Aligarh Muslim University (AMU) Vice-Chancellor Lt Gen Zameer Uddin Shah on Sunday said that instead of giving yoga a “religious colour”, it should be taken purely as a “physical exercise”.
Speaking at a symposium-cum-workshop on ‘Well being through Yoga’ at AMU’s Department of Physical Education, Shah said he has been practising yoga “for over 40 years” and has found it “soothing and mentally healing”. Yoga automatically brought discipline in the life of performers, he added.
Maintaining that yoga was an indispensable part of India’s cultural heritage, Shah said he was “proud of this great ethos”. While yoga demanded complete abstinence from drinking liquor, smoking and eating meat, however, he has only abstained from drinking and smoking, the V-C added. “Yoga is useful for those with backache, high blood pressure and diabetes,” he said.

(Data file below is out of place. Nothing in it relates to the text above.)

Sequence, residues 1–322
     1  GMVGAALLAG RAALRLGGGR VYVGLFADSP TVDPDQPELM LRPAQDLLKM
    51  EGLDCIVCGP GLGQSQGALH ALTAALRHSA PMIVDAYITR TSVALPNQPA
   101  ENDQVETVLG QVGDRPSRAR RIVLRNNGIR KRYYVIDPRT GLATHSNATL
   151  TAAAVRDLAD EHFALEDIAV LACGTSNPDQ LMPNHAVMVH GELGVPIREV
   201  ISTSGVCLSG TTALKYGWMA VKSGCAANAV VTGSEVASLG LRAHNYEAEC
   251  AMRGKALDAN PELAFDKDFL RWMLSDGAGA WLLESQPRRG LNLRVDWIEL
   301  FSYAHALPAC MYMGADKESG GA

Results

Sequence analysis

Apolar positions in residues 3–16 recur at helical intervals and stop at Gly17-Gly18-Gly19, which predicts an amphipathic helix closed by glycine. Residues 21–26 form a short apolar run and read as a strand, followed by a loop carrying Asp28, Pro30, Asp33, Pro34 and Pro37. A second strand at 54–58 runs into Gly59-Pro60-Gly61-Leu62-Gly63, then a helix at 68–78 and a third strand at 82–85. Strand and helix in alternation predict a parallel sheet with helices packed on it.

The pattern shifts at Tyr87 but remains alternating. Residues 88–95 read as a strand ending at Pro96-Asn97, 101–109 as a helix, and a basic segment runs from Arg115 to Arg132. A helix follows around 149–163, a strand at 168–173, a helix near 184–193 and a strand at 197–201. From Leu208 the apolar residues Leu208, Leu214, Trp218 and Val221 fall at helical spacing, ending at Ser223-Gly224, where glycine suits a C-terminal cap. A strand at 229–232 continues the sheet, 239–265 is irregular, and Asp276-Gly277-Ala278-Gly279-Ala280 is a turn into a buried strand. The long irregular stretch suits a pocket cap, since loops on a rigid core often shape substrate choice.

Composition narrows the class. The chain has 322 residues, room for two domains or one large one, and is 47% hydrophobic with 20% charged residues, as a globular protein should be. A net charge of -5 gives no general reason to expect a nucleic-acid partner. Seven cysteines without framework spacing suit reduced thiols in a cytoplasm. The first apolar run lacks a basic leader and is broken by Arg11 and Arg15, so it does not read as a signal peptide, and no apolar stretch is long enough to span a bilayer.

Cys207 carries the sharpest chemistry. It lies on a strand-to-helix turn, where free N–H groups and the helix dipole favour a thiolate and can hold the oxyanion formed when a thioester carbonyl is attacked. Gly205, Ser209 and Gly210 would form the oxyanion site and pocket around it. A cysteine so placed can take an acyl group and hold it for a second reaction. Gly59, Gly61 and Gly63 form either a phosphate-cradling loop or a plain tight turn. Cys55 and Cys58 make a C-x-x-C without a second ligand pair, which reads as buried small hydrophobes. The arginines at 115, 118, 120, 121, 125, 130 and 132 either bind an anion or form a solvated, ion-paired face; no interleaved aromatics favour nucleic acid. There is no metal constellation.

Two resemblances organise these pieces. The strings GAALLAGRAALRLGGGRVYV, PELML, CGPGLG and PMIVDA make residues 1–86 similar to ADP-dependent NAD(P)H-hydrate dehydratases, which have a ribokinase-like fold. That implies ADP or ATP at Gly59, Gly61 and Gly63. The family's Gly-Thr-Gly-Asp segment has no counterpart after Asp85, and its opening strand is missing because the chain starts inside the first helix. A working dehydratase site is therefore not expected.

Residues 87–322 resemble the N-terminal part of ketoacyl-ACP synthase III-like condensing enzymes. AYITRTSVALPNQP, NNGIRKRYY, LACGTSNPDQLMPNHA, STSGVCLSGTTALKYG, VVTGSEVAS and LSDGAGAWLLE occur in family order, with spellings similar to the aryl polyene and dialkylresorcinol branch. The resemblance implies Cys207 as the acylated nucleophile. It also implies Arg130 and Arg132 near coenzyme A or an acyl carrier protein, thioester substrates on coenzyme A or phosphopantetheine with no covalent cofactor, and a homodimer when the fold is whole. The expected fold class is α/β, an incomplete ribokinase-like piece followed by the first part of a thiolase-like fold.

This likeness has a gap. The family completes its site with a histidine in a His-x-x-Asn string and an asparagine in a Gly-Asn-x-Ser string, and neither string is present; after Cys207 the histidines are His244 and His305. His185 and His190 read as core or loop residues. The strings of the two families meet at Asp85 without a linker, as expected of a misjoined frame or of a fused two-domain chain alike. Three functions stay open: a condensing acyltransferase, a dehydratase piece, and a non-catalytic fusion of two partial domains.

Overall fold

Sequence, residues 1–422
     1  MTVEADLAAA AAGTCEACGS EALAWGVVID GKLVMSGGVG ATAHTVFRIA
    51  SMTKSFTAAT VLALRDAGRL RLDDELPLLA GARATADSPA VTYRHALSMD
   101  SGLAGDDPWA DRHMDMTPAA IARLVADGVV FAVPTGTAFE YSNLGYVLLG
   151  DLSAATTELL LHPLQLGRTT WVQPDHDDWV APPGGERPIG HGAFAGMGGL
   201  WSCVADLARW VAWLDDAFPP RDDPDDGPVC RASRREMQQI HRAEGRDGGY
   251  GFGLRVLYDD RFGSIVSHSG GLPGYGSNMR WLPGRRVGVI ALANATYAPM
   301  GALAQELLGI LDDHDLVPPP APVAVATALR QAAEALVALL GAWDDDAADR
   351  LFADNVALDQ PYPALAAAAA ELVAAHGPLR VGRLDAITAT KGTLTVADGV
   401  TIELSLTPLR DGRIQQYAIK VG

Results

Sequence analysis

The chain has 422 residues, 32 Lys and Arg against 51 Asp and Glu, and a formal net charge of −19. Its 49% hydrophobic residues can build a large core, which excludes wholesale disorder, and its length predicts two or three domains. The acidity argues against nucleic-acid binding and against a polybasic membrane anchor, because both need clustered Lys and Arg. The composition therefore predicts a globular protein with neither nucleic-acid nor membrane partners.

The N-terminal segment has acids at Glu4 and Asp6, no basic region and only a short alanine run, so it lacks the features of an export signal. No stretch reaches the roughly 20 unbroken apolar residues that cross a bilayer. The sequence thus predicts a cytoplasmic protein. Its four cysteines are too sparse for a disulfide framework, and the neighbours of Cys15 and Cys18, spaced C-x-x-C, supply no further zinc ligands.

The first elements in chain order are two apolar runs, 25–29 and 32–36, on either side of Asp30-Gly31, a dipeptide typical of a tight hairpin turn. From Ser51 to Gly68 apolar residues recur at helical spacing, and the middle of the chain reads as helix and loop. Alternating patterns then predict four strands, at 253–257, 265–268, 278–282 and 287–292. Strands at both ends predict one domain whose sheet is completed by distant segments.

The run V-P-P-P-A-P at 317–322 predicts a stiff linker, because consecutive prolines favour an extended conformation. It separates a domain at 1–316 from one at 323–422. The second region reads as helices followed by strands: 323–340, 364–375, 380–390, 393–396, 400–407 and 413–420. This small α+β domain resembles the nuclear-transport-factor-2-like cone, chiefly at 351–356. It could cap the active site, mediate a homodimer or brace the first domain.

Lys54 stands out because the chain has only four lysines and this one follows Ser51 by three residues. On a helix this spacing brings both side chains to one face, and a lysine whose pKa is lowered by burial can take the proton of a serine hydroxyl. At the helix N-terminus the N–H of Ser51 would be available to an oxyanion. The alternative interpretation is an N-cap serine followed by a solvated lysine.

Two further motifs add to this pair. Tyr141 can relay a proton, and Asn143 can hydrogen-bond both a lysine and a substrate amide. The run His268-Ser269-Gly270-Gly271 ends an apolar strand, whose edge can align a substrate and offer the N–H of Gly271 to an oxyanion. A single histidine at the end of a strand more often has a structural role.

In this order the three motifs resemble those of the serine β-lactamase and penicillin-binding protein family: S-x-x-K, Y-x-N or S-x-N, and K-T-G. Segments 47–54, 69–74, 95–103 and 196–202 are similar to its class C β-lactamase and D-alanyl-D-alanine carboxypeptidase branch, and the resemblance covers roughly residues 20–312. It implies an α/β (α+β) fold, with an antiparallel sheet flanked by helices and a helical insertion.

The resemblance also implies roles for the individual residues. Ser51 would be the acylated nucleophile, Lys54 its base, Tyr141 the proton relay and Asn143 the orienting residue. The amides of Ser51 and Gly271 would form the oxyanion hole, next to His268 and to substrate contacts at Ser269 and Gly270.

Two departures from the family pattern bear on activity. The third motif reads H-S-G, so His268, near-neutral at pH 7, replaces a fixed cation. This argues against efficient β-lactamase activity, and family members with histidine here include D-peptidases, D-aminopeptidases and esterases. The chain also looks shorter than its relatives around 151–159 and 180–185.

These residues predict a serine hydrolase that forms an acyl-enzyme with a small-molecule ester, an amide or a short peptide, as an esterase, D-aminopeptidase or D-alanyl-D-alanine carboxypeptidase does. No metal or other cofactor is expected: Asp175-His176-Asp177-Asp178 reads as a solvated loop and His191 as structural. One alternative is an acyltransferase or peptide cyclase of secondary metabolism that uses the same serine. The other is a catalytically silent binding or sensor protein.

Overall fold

Earlier, a section of students led by former AMU Students’ Union president and incumbent Samajwadi Yuvjan Sabha Secretary Shahzad Alam Barni had opposed any largescale celebrations at the university but called off the protest after AMU announced that the programme will just be restricted to a seminar and a workshop. On Sunday, however, Shah reiterated that yoga has had “a deep presence in AMU culture”.
On the occasion, AMU Pro-Vice Chancellor Brigadier S Ahmad Ali said heavy physical workout was the core of military service and that he has always performed yoga.
While delivering a lecture on ‘Yoga and Stress Management’, Professor Akbar Husain of Department of Psychology said Bhagwat Gita had proposed four forms of yoga according to the nature of the person — Gyan Yoga for the knowledge-oriented, Karma Yoga for action-oriented, Dhyan Yoga for experience-oriented and Bhakti Yoga for emotion-oriented. “Upanishads have also upheld the intrinsic relationship between yoga and spirituality… Yoga was a trusted source to attain spiritual bliss,” he added.
Dr Brij Bhushan, associate professor at the department, said AMU has been imparting lessons in yoga through its BPEd and MPEd courses as an essential subject.